20 Sep 2017

Fuel crisis: NZDF deployed to deliver fuel

4:53 pm on 20 September 2017

The New Zealand Defence Force will begin transporting fuel around the country by sea and road tomorrow.

Royal New Zealand Navy tanker HMNZS Endeavour will sail for Marsden Point on Thursday morning to upload up to 4.8 million litres of diesel fuel for delivery to ports around the country.

Royal New Zealand Navy tanker HMNZS Endeavour will sail for Marsden Point on Thursday morning to upload up to 4.8 million litres of diesel fuel for delivery to ports around the country. Photo: NZDF

Commander Joint Forces New Zealand Major General Tim Gall said the Royal New Zealand Navy tanker HMNZS Endeavour would sail for Marsden Point refinery on Thursday morning to upload up to 4.8 million litres of diesel fuel for delivery to ports around the country.

"Endeavour can provide the equivalent of 150 road tankers of fuel. Deploying the ship will free up commercial tankers to reconfigure and focus on moving aviation fuel.

"This will help ease distribution issues in other regional centres," Major General Gall said.

Twelve New Zealand army drivers will be driving civilian tankers to transport aviation fuel to Auckland, Palmerston North and Napier around the clock from Thursday to 30 September. Six drivers will be driving tankers from Marsden Point to Auckland, while another six will move fuel from Wellington to Palmerston North and Napier.

Meanwhile, Air New Zealand has lifted restrictions on long-haul ticket sales apart from some trans-Tasman and Pacific Island services.

Energy and Resources Minister Judith Collins and officials briefed media this afternoon on Auckland's jet fuel shortage, which has disrupted dozens of flights.

Mobil NZ's Andrew McNaught, who was acting as a spokesperson for the fuel industry confirmed the fuel rationing would continue for airlines until next Thursday, which he said was a significant challenge for airlines and their customers.

"We anticipate that we will be continiuing to operate at a 30 percent allocation until next Thursday the 28th of September, though we will be reviewing this allocation on a daily basis."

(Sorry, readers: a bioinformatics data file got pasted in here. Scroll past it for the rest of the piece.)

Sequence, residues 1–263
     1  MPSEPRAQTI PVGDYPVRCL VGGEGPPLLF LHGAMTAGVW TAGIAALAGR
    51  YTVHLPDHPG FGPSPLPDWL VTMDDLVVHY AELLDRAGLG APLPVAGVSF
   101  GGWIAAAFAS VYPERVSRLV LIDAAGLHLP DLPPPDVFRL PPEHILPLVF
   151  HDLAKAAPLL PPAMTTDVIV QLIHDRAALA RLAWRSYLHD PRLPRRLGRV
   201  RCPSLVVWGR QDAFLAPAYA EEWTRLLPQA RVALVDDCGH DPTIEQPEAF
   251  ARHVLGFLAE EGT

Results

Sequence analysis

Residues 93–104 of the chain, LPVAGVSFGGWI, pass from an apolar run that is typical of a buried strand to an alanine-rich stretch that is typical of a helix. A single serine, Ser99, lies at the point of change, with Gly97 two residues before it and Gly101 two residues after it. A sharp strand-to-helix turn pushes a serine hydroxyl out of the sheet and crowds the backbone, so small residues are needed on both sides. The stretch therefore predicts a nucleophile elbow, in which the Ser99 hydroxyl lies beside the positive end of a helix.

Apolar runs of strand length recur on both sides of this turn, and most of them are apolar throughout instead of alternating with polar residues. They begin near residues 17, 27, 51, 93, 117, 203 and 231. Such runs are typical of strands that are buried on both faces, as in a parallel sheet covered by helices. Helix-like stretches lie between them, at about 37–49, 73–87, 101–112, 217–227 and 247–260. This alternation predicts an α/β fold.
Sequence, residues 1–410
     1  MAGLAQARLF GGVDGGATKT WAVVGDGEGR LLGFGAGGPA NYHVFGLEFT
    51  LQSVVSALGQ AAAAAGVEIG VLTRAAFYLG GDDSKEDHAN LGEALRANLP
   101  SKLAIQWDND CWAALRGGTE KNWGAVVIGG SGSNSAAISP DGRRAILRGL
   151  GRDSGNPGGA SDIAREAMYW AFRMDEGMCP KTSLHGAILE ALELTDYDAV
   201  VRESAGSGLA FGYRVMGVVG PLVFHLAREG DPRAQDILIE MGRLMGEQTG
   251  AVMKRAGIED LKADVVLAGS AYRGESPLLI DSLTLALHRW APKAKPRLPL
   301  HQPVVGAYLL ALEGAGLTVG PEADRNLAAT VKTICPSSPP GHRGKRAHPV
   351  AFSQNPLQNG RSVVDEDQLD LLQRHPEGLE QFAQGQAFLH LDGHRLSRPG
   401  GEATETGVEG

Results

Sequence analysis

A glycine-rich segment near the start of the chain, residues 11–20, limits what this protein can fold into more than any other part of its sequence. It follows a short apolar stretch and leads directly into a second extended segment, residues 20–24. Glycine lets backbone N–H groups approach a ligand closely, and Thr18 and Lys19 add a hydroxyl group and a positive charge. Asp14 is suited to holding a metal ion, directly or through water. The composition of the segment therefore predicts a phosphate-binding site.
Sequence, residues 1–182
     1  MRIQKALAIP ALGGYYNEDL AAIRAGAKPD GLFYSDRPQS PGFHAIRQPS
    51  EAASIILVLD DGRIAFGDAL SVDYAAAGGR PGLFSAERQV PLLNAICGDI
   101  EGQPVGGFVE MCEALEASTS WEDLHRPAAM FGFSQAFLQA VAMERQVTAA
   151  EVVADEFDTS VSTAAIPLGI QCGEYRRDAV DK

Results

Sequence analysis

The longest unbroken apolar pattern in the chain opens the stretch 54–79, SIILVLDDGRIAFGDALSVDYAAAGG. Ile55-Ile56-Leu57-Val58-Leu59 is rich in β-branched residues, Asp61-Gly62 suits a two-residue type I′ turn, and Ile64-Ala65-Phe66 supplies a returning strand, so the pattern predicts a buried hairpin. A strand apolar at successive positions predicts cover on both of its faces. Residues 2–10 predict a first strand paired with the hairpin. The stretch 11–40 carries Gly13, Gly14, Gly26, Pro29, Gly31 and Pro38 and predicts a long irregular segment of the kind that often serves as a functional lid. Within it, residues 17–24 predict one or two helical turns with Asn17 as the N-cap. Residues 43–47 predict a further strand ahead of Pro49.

Air New Zealand limited long-haul ticket sales yesterday due to the shortage, which was triggered by the closure of a pipeline supplying fuel to Auckland Airport.

The line was shut over the weekend after a leak was discovered on Thursday.

It has caused dozens of flights in and out of the city to be delayed or cancelled.

The closure has also affected petrol and diesel supplies, but the city's mayor says he's been assured vehicle fuel will not run out.

Air New Zealand said today it had lifted restrictions on long-haul sales apart from some trans-Tasman and Pacific Island services.

The only flight cancellation tomorrow was an Auckland to Houston service, bringing the total number of cancelled flights since Sunday to 41.

It said the situation was stabilising and disruptions would ease.

Check out Air New Zealand's travel alert page for up-to-date information.

Government and industry group formed

The government said it and the wider airport industry have formed a group to oversee the full return of jet fuel to Auckland Airport.

The group includes: ExxonMobil, Z Energy, BP, Air New Zealand, KiwiRail, Auckland Council, Auckland Airport, Auckland Transport, NZ Defence Force, the Ministry of Civil Defence and Emergency Management, and the Ministry of Transport.

The government said the HMNZS Endeavour would be deployed to Marsden Point tomorrow at 11am to help with fuel transports.

Repair work proceeding well - Refining New Zealand

Refining New Zealand, meanwhile, said it was now ready to start filling tanker trucks with jet fuel to be transported to Auckland.

Northland Regional Council staff taking bore water for testing after the pipeline break at Ruakaka.

Northland Regional Council staff take bore water for testing after the pipeline break at Ruakaka Photo: Supplied

It has built a temporary truck-loading station at the Marsden Point refinery, while repairs to the broken pipeline continue.

It said repair-crews were making good progress.

The pipe has to be plugged on either side of the break and any gases removed before a new section is installed.

The refinery said its engineering team has made the first of four major welds, and the first plug should go in this evening.

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